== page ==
Posted on Thu, Apr. 29, 2010
â€˜Waking Sleeping Beautyâ€™ opens door on Disney & animationâ€™s big leap forward
By Gary Thompson
Philadelphia Daily News
Daily News Film Critic
Feature animation had an explosively great year in 2009, so it’s startling to be reminded in “Waking Sleeping Beauty” that it was all but dead 20 years ago.
This inside documentary (made by animators) about the fall and the rise of the House of Disney starts in the early 1980s, when once-mighty Disney bombed with “The Black Cauldron” and corporate bean counters talked about junking the white-elephant animation division to free up money for Bette Midler movies.
New chairman Michael Eisner, though, was a believer in animation (or at least in the power of its brand) and decided to revive it, bringing in a young corporate hustler named Jeffrey Katzenberg to do the job.
“Waking Sleeping Beauty,” with some fairly amazing home-video footage, details the massive culture clash between Disney’s nerd army of goofball animators and the hard-nosed Katzenberg, a corporate realist who shook them out of their self-pity and got them working again, on projects like “The Little Mermaid.”
Katzenberg gets it rough in the movie – he’s indicted for being a pushy jerk on evidence that never actually surfaces – but his decisions look awfully good in hindsight.
Like bringing in Broadway tunesmiths Alan Menken and Howard Ashman to score ‘The Little Mermaid.” We know that Ashman provided the lyrics for the movie’s great songs, and “Waking” shows that Ashman (who died of AIDS on the eve of the “Beauty and the Beast” premiere in 1991) was a hugely influential creative force in the conception and narrative structure of big Disney titles.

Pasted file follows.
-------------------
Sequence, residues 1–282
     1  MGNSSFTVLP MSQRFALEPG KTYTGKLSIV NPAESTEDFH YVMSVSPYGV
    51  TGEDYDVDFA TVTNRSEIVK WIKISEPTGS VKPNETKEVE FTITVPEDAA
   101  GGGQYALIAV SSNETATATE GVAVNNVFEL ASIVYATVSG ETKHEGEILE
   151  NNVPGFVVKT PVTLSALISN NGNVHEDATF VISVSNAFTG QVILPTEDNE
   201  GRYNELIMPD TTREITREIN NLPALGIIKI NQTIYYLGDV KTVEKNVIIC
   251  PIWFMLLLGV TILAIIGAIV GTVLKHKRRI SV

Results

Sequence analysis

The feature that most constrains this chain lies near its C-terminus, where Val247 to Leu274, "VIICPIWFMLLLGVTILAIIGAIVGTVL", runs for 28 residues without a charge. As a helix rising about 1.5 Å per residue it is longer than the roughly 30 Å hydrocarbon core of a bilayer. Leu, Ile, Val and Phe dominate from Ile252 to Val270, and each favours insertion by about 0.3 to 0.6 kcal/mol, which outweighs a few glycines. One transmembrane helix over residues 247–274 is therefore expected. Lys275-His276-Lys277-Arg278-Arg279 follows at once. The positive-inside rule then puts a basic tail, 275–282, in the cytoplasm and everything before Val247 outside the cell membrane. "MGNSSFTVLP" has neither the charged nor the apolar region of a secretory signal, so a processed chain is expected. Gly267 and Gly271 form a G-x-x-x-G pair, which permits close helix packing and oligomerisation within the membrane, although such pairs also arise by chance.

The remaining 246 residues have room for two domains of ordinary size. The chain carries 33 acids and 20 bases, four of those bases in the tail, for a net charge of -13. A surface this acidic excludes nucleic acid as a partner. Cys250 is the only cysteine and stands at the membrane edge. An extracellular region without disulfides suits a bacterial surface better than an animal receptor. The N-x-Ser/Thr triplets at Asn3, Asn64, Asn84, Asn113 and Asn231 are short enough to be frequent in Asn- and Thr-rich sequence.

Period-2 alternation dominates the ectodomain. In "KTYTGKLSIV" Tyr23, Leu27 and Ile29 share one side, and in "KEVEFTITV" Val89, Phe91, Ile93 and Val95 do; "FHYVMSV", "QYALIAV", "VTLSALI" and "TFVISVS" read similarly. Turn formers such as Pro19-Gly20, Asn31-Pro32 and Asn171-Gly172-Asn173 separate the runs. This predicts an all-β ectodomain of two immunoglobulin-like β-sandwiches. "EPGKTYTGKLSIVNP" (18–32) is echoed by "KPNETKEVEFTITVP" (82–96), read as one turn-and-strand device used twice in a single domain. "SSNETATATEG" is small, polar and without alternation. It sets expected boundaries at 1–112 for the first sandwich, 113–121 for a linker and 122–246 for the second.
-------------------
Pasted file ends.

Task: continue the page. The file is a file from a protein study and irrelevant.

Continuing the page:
The movie is at its best here – showing the collaboration and inspiration and perspiration that go into the labor-intensive process of making animated movies.
Less interesting is the corporate squabbling among Katzenberg, Eisner and Roy Disney – “Waking” devotes irksomely long minutes to this three-way hate-fest, then wonders aloud why it bothered.
In the epilogue, a narrator tells us the personality clashes ultimately didn’t matter, that what ended up on screen is the entirety of the legacy.
I agree, which raises the question: Isn’t your movie about 20 minutes too long?
The movie is best appreciated for oddball nuggets of information, like the fact that the most revolutionary movie in the history of animation might have been “The Rescuers Down Under,” a commercial and dramatic failure but the first produced by digital animators. “Rescuers” created the computer drafting framework and basic computer language that John Lasseter (who started at Disney) took with him to his little start-up Pixar.